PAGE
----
Our histogram is instantly more legible, offering an improved perception of the underlying distribution. The increased number of bins provides a more defined structure for our data, while the informative title and labels allow us to understand the plot without any additional context.

Further Customization of Histograms Using Seaborn

Seaborn's histplot function enables the drawing of histograms with rich features. Here are some additional useful parameters that you should know about:

  • hue: This is a very important parameter when you have a categorical column that you want to represent on the histogram. The hue parameter instructs seaborn to color the histogram bars for the age distribution differently depending on the passenger's gender values (i.e., male or female).
  • multiple: This parameter is used with hue to change how the different categories are displayed on the histogram. The default is "layer", but you could set it to "stack", "fill" or "dodge".
    • "layer": Draw one histogram per variable. Each histogram will represent a separate layer; layers will be superimposed on each other.
    • "stack": Draw one histogram, stacking the values of each variable on top of the other.
    • "fill": Draw one histogram, with the area of each filled up to the total height, the cumulating contribution of each variable (like a percentage plot, where the whole plot is 100%).
    • "dodge": Draw one histogram, but "dodge" them, i.e., move them slightly to the side so each contributes to the overall figure separately and all can be seen.
  • palette: This parameter allows you to change the colors used for the different categories.
  • binwidth: This parameter allows you to set the width of the bins rather than the number of bins. This can be useful for a more direct control of the granularity of the histogram.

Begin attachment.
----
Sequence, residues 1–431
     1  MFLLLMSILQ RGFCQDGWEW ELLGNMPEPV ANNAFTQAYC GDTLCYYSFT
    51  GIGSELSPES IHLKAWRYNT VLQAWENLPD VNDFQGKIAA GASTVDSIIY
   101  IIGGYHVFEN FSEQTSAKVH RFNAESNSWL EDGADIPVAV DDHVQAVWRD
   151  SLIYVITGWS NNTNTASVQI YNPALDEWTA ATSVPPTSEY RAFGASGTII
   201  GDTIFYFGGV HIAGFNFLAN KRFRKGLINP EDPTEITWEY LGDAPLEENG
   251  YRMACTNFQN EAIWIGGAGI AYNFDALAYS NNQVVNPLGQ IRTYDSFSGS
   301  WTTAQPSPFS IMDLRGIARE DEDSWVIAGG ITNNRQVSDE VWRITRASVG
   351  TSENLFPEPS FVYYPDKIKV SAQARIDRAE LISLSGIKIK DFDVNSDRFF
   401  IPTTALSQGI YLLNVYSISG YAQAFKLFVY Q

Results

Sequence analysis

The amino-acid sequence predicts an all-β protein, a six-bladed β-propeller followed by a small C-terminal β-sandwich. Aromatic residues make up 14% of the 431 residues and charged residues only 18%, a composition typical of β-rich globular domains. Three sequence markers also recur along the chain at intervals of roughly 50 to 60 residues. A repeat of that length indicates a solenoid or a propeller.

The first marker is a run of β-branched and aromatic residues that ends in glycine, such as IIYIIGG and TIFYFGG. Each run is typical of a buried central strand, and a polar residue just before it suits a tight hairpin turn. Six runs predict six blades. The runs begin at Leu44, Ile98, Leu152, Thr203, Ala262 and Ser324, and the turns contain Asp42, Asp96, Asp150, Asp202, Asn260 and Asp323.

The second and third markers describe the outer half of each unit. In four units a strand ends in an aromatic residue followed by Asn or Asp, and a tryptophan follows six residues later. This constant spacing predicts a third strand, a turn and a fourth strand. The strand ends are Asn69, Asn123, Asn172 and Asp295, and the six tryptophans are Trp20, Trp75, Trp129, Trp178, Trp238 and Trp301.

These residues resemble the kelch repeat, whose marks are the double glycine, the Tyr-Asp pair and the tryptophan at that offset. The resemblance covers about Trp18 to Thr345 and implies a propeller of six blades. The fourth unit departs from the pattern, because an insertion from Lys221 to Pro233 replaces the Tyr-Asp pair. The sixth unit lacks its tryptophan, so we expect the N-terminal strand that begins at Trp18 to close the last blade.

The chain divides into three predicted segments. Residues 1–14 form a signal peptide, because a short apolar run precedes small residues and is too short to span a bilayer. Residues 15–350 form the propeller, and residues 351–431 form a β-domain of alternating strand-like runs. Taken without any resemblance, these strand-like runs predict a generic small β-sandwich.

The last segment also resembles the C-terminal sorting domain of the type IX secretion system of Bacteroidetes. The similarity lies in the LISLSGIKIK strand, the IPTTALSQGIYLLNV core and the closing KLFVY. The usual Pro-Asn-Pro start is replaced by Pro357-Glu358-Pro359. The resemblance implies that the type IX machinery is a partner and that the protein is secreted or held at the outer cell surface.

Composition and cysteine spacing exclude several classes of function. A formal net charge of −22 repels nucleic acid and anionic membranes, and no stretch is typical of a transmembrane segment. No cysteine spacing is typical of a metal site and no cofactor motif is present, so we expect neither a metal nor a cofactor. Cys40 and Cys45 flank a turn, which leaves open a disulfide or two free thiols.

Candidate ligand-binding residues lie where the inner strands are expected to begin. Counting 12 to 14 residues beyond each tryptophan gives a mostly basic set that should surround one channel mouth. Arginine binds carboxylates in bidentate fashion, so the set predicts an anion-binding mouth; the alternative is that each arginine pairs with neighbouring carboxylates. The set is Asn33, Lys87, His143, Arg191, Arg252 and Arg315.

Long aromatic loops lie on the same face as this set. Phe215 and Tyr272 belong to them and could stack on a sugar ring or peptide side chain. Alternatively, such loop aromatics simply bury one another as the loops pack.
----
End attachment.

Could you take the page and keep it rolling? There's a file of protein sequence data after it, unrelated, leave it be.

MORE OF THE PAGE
• element: By default, the histogram is made of bars, but you could set this parameter to "step" or "poly" to change the appearance of the histogram.

Let's look at examples demonstrating some of these parameters:

1# A histogram using 'hue', 'multiple', and 'palette' 2sns.histplot(data=titanic_df, x='age', hue="sex", multiple="stack", palette="pastel")


1# A histogram using 'binwidth' and 'element' 2sns.histplot(data=titanic_df, x="age", binwidth=1, element="step", color="purple")


Wrapping Up

Congratulations! You have now extended your seaborn capabilities to draw and customize histograms, which are one of the first tools of choice in exploratory data analysis. As we learned, histograms show the distribution of a numerical variable, and it's considered the simplest representation of a distribution. Thanks to Seaborn and Matplotlib's customization options, we've seen how easy it is to make a histogram more understandable.

What's next?

Have you treated your curiosity about age distribution on the Titanic? Feeling the exhilaration as you realize the power of what you can do with histograms? Fantastic! Take this excitement with you to the next activity, which cements your understanding of histograms by letting you create and edit them on your own.

Enjoy this lesson? Now it's time to practice with Cosmo!

Practice is how you turn knowledge into actual skills.